Tranquility is not a word I’d usually associate with Walt Disney World. 

From managing your Genie+ selection starting at 7 a.m., rushing to each park in time for rope drop to navigating seas of tired parents and their overstimulated kids, this place can feel more chaotic than magical. 

So if you’re thinking your Disney World vacation may stretch your sanity, consider Disney’s Old Key West Resort. 

Old Key West is so big it couldn’t fit into a single image (Disney)

Opened in 1991 as the very first Disney Vacation Club resort — that was literally its name for its first five years — this sprawling, 761-room property feels as secluded as anything can be at the world’s most-visited theme park resort. Its DVC lineage also means it was designed with extended stays in mind, making it a great option for any family that needs a day or two free of theme parks. 

The room

If you’ve stayed at other Disney resorts, Old Key West rooms may feel a bit more spacious. It’s not your imagination.

My deluxe studio at Old Key West (Theme Park Tribune)

Deluxe studios like mine are somewhere between 376 and 390 square feet (sources vary), but either figure would still make it second only to the newer Riviera Resort, whose studios can sleep one more person than Old Key West.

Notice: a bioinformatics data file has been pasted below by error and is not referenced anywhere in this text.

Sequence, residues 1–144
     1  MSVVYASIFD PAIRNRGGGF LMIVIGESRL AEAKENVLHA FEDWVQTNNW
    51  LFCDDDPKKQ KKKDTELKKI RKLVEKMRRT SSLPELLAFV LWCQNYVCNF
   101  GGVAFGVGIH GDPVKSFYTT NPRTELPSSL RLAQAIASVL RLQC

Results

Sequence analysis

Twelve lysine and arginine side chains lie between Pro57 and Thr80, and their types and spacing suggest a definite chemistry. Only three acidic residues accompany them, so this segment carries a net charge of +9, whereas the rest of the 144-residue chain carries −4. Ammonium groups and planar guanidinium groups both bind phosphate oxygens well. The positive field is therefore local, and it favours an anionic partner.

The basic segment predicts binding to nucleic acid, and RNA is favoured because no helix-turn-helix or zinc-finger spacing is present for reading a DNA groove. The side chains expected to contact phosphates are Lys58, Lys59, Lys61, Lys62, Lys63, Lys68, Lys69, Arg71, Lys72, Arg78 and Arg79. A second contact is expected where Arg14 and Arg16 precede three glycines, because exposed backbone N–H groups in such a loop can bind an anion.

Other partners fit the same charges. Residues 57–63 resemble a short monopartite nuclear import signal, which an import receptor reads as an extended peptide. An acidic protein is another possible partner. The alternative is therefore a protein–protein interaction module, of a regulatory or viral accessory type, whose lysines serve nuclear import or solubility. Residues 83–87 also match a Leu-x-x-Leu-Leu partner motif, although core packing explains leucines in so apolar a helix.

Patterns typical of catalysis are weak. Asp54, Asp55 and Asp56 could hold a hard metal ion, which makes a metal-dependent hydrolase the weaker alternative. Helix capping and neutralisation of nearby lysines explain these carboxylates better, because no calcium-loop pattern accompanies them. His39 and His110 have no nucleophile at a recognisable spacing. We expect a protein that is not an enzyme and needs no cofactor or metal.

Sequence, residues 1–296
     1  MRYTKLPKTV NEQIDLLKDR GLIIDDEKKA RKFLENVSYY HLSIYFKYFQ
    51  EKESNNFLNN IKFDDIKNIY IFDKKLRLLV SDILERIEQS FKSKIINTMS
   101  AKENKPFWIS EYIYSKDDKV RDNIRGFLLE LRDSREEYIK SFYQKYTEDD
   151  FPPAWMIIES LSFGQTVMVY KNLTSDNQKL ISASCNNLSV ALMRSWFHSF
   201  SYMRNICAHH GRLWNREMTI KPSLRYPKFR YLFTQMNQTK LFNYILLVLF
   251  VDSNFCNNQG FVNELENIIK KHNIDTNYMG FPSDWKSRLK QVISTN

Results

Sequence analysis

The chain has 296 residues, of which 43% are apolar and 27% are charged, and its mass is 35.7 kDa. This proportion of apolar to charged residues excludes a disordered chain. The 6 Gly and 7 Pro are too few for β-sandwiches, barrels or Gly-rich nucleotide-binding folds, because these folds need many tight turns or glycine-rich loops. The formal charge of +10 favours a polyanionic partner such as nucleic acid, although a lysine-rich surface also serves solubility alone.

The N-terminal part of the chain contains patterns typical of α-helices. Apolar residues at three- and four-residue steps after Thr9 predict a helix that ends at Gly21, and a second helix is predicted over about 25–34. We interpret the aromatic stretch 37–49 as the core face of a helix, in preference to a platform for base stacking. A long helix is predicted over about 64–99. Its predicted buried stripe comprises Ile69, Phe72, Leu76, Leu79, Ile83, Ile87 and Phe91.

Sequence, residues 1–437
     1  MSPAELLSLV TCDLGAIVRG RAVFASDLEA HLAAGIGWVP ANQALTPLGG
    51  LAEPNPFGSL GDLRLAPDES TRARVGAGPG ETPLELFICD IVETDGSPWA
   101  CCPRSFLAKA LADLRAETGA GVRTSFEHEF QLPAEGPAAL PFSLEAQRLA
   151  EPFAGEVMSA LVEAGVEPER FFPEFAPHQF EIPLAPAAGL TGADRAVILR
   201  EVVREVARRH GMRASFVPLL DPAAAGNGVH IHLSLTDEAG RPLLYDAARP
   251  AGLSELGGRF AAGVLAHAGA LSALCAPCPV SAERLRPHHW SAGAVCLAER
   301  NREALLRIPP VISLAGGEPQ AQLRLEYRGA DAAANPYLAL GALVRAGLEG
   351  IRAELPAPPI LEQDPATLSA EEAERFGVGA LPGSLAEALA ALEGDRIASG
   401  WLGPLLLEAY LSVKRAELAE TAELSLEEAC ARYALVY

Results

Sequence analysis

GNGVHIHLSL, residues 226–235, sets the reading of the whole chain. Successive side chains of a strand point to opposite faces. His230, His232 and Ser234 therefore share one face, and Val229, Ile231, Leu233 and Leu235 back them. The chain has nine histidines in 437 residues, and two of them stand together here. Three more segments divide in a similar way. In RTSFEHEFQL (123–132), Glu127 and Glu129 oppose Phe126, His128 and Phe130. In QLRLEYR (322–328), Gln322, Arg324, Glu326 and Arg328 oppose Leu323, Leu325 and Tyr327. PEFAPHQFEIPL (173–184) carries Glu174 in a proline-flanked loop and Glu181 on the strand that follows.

For more on the room, check out my video tour and review:

A big bonus for Old Key West is how close you’ll be to your car, should you have one. The buildings are arranged in clusters quite like suburban subdivisions, so you’ll always have easy parking just steps away from your front door. 

The amenities 

If you want to include a “resort day” free of theme parks in your Disney World plans, you’ll find plenty of ways to stay relaxed but occupied at Old Key West. 

The resort sports four pools, with the star being the Sandcastle Pool at the Hospitality House. 

Sandcastle Pool (Theme Park Tribune)

It’s an appropriately-named pool. The slide is housed inside a sand castle and has large areas of real sand surrounding deck chairs and a kids’ play area. The pool area feels a little on the small side for a Disney Deluxe. 

Sandy play area near the pool (Theme Park Tribune)

Around the pool you’ll find tennis and basketball courts, shuffleboard, beach volleyball areas, and the resort’s arcade. Hank’s Rent and Return houses all the equipment needed for the sports activities for free, along with paid bike rentals. 

Hospitality House (Theme Park Tribune)

Conch Flats General Store (Theme Park Tribune)

The Hospitality House is also home to Old Key West’s gift shop, the Conch Flats General Store. Along with the typical Disney merchandise, you’ll find a larger-than-usual selection of resort-specific gear.